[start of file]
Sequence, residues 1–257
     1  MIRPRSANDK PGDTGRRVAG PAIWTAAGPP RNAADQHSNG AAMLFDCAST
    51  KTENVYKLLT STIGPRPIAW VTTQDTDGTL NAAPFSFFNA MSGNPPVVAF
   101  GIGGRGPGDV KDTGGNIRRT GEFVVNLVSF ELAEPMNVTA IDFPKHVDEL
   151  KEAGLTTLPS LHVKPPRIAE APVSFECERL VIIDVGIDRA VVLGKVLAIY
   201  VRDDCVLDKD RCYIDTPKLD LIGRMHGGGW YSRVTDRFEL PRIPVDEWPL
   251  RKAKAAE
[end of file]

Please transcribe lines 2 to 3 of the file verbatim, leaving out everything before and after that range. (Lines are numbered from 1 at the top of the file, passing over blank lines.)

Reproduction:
     1  MIRPRSANDK PGDTGRRVAG PAIWTAAGPP RNAADQHSNG AAMLFDCAST
    51  KTENVYKLLT STIGPRPIAW VTTQDTDGTL NAAPFSFFNA MSGNPPVVAF